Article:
Who is it? John Cooper Clarke (1949-present)
What is he known for? Stand-up ‘punk’ poetry, Salford Bard and all round legend.
What did he change? It’s fair to say that John Cooper Clarke has redefined poetry, making it accessible to everyone, in a language they get, about subjects they know and in an accent they hear…
…Or, as Avant magazine put it in 1990, ‘He’s the guy who kicked over the pompous pedestal of poetry, grabbed it by its iambic pentameters and kicked an excess of accessibility into its vernaculars…He’s the snarling, snapping, assertively wicked, wildly witty, original incarnation of punk ethics, who metaphorically took a host of golden daffodils and stuffed them down the throats of Wordsworthian Wilburs, who thought poetry lived and breathed in the cloistered glass cases of Oxford dons…
‘He smashed the esoterics and used their rules to reverse the verse, ride their rhymes and lubricate the lyrics through a turbo-charged stand up delivery…He was the first alternative humorist, as the boundaries between art and comedy and politics collapsed like an Eastern bloc beneath an avalanche of realism. John Cooper Clarke is the literary equivalent of graffiti art…and then some.’
What was he doing on Bury New Road?
John Cooper Clarke lived originally above Friedman’s chemist on the corner of Bury New Road and Great Cheetham Street East, opposite the Rialto cinema. Later, he lived on Camp Street and St Paul’s Road, and was often seen walking his mum’s dog along Bury New Road.
For the full hilarious story of John’s early-ish years read his brilliant autobiography, I Wanna Be Yours, which includes the quote of all time from John’s mum… ‘You can’t have everything – where would you put it?’ and loads about Higher Broughton – an area that “seemed to house a disproportionately large number of the criminally insane”…
John reckons the Graham Gouldman written Hollies smash hit, Bus Stop, was written about the one outside his parent’s flat, and that Roger Moore rented digs across the road. He describes his younger self as “A seven stone fucking consumptive” and a “malnourished silhouette”, who, aged 11, was in a Salford gang ‘full of delicate kids’, called the Blue Orchids…”We just hung out together and tried to avoid trouble”…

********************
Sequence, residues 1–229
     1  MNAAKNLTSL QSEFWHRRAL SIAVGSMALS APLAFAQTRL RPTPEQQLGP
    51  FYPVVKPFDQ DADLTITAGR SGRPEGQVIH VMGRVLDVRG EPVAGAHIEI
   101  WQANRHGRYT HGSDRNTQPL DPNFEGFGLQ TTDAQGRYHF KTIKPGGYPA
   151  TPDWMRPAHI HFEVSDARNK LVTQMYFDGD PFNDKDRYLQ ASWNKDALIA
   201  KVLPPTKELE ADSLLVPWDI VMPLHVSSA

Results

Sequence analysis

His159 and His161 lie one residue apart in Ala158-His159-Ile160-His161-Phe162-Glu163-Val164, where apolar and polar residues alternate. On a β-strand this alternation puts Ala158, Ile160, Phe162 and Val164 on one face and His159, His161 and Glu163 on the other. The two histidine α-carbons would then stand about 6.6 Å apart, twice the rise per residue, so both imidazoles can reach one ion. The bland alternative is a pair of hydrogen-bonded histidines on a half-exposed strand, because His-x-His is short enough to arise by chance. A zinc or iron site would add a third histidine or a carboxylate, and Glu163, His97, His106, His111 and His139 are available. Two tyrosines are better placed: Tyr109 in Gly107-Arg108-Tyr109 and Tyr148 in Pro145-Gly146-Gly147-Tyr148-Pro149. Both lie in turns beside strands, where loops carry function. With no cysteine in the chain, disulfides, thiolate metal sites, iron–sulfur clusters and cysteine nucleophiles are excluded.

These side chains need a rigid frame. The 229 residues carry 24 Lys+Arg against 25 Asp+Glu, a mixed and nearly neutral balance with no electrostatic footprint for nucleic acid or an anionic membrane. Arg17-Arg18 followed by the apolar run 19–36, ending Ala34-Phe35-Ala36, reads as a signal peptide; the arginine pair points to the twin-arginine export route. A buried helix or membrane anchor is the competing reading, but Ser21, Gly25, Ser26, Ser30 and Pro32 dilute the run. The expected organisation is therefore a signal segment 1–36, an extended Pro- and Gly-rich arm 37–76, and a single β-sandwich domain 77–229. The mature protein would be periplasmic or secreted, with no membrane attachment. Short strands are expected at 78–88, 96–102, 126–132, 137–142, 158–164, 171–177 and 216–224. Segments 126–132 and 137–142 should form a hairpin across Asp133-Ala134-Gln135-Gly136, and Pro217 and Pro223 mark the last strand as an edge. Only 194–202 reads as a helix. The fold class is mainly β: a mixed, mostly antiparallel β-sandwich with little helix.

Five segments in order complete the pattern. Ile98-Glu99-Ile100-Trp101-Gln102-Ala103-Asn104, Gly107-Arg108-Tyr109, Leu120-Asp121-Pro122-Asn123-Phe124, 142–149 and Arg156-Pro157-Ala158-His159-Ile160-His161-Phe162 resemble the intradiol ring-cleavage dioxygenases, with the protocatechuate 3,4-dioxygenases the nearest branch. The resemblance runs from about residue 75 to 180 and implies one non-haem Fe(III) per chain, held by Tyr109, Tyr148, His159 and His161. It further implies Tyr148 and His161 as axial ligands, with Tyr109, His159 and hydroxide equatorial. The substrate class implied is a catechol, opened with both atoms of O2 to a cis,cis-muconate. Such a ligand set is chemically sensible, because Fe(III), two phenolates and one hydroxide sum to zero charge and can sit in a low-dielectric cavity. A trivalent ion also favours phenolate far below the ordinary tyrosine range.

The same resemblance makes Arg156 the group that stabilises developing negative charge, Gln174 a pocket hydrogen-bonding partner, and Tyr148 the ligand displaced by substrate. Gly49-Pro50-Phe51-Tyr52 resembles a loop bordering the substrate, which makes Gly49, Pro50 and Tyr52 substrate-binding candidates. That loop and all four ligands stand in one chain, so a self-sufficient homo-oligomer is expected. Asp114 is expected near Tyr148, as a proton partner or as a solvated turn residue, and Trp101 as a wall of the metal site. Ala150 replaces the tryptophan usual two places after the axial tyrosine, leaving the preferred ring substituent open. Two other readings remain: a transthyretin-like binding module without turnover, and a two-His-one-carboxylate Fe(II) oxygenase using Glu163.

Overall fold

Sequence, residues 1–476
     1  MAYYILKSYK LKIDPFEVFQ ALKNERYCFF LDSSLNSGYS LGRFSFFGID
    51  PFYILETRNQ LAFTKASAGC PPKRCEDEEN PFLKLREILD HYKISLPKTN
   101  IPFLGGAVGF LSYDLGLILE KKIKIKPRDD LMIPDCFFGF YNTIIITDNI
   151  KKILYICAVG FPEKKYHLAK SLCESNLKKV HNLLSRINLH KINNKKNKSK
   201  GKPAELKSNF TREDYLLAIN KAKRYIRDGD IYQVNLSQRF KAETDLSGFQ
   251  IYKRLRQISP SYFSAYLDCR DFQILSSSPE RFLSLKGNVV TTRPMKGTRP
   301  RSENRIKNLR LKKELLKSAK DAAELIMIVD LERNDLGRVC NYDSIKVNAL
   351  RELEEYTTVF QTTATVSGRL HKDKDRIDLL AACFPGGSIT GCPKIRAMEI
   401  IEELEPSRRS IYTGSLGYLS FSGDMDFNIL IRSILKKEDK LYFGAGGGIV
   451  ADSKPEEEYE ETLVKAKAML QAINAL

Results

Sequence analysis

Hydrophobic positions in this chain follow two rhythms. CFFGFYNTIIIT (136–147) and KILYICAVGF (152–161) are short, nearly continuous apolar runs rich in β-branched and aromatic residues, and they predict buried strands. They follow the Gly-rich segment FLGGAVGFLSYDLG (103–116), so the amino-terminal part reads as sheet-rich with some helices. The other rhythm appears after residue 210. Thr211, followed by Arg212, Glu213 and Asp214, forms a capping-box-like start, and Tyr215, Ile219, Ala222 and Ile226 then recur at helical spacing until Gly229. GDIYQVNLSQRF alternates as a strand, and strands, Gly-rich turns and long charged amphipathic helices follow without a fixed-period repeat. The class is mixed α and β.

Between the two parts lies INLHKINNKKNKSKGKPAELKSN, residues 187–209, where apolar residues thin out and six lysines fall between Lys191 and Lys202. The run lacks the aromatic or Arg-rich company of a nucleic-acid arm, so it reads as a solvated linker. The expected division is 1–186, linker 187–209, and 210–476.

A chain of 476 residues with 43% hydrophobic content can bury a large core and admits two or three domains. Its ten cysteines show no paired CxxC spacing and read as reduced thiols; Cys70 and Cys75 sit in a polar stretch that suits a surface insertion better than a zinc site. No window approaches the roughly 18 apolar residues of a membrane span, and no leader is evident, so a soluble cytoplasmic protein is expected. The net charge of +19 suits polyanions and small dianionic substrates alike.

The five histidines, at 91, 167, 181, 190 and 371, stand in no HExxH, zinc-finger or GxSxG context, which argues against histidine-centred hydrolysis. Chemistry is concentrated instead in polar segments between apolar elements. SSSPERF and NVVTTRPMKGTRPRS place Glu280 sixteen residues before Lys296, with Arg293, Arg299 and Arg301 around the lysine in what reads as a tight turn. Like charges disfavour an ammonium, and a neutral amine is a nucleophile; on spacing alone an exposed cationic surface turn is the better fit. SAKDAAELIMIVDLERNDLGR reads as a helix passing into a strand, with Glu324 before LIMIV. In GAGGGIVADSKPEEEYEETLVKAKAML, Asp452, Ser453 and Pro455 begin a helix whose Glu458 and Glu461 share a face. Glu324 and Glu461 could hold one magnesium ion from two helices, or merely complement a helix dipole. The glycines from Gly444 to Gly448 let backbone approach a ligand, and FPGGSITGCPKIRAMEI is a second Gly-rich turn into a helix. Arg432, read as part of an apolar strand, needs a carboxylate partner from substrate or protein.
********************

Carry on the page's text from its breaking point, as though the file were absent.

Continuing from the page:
The autobiog also includes top anecdotes about fellow Bury New Road legends Nico, Alan Wise, and Mark E Smith – ‘Captain Charisma’ – whose mum worked in the Post Office on the corner of Bury New Road and Kings Road.
In the autobiography, John captures some of the magic of the place – his ‘artist mates’ cashing in Giros, The Beatles, The Hollies and Freddie and Dreamers playing in Manchester just a bus journey down the road, the plentiful supply of drugs, the poverty and the strange set of characters who pervaded the place.
No-one tells it better than Johnny Clarke himself – I Wanna Be Yours (Picador)
How important is John Cooper Clarke?
Paul McCartney: “One of Britain’s outstanding poets. His anarchic punk poetry has thrilled people for decades and his no-nonsense approach to his work and life in general has appealed to many people, including myself, for many years…”
Kate Moss: “The velvet voice of discontent”
Pete Shelley: “The thing about John is that he appears, and when he does appear it’s like the sun breaking through the clouds.”
Steve Coogan: “If I’m talking to someone and go, ‘D’you know John Cooper Clarke?‘ and they say, ‘Oh yeah, he’s a genius’, I’m then, ‘Good, you’ve saved me a lot of time’…
Do you have any photos, anecdotes or memories of John Cooper Clarke? Please get in touch email: firstname.lastname@example.org or via Facebook: Bury New Road Heritage.